The fact that most Americans oppose the war in Iraq, and want the president
impeached, is testimony to the native intelligence and common sense of the
citizens of this nation.
It sure isn't thanks to the quality of the news we're getting here in
Here are some of the things you don't know if you just depend on the
corporate media for your information:
Most Americans would like to see this president and vice president impeached
and removed from office. Newsweek magazine published a scientific poll last
October showing that 51 percent of us favor impeachment (including 29
percent of Republicans!), but the corporate media, which normally hasn't met
a poll it won't publish, didn't publicize this one. And now, when the
numbers supporting impeachment are surely even higher, you can't even pay a
polling outfit to ask the question. No wonder most people who favor
impeachment still think they're odd ducks.
There is a bill, filed in the House of Representatives on April 24 by Rep.
Dennis Kucinich (D-OH), calling for the impeachment of Vice President
Cheney. Since it was filed, it has gained six co-sponsors, including a
member of the House Democratic leadership, Rep. Janice Shakowsky (D-IL).
Most major media have ignored this important story completely. Most
Americans also don't know that the Vermont State Senate voted overwhelmingly
this spring to call on Congress to impeach the president.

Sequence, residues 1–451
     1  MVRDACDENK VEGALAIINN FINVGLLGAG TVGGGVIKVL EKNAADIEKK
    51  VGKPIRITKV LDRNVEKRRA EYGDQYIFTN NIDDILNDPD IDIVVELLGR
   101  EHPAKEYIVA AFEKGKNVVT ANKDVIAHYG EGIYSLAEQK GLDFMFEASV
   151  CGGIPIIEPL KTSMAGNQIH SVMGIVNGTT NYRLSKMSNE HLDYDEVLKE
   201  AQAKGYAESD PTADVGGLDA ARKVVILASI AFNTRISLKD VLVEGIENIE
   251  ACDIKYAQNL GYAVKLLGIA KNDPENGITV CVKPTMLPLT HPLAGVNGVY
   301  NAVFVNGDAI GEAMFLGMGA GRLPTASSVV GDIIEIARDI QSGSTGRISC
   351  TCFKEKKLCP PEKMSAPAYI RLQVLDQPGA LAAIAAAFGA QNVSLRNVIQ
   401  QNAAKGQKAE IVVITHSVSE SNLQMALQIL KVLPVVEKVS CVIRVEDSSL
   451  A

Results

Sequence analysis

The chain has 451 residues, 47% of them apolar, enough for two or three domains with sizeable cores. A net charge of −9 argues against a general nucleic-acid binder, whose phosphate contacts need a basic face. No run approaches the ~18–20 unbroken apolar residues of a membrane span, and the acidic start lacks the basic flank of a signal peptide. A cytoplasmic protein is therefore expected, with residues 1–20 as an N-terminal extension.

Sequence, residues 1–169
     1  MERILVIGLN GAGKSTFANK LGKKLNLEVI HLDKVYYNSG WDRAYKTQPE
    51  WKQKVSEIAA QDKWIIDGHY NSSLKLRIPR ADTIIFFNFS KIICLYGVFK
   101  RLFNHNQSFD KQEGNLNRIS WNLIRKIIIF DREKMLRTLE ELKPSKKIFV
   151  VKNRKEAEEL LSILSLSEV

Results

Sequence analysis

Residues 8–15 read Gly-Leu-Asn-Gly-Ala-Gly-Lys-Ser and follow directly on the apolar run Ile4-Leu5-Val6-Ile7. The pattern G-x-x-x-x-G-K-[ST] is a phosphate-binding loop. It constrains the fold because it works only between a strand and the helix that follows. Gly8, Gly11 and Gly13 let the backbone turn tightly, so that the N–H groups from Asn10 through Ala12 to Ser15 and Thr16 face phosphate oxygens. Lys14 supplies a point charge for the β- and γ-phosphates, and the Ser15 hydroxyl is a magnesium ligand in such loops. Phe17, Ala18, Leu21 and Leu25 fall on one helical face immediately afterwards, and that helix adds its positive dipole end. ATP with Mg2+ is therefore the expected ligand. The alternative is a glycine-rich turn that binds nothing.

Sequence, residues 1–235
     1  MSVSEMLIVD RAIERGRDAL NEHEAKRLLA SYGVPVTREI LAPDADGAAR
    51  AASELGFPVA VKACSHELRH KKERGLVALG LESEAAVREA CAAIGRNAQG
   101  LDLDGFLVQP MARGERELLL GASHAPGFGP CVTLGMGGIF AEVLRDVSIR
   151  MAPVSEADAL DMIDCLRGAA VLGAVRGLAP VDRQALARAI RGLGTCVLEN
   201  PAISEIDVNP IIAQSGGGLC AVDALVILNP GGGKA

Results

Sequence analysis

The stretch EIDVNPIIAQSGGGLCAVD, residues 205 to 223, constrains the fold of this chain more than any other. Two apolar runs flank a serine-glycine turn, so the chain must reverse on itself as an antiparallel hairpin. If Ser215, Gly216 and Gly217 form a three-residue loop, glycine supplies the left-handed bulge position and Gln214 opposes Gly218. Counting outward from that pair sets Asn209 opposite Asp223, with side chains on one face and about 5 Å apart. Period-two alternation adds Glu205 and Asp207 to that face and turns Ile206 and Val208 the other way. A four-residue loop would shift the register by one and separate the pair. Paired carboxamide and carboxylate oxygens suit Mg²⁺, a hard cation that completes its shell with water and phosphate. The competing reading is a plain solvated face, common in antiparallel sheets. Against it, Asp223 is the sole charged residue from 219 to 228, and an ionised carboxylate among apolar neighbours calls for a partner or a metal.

The president has been declared a felon in federal court. Yet even after
Federal District Judge Anna Diggs Taylor ruled last August that President
Bush and the National Security Agency were committing serial Class A
felonies and were violating both the First and Fourth Amendments by spying
on Americans' communications without first obtaining warrants, Bush
continued ordering the NSA to continue the patently illegal program for at
least half a year. In reports on the spying program, the corporate media
never mention that it has been declared a felonious activity by the federal
Fifteen Democratic Party state organizations have passed impeachment
resolutions calling on Democrats in Congress to initiate impeachment
proceedings against the president and vice president. The most recent of
these, the Democratic Party of Oklahoma, passed its resolution at the
party's annual convention on May 19. Other Democratic Party conventions, in
states from Nevada and California to Massachusetts and North Carolina, have
passed similar resolutions. Most have been ignored by the corporate media
even in their own states.
Bush's so-called "coalition of the willing" is not so willing and is not
really much of a coalition either. When's the last time you've heard how
many countries are on board with the US in the war and occupation of Iraq?
The reality? Britain, the only significant contributor of combat troops
besides the U.S., is pulling out, as did Italy and Spain, and many other
countries, like Denmark, Lithuania and others, plan to be out of Iraq by
August or at the latest December. One indication of the seriousness of
situation: The Pentagon no longer lists the countries that are members of
the "coalition." The only mainstream report I've seen laying this out this
collapse in international support for Bush's war was in USA Today last
The Homeland Security Department last year awarded Halliburton $385 million
in a no-bid contract to construct prison camps designed to hold tens of
thousands of unspecified prisoners in the event of domestic unrest.
Meanwhile, President Bush has signed a bill altering the insurrection act so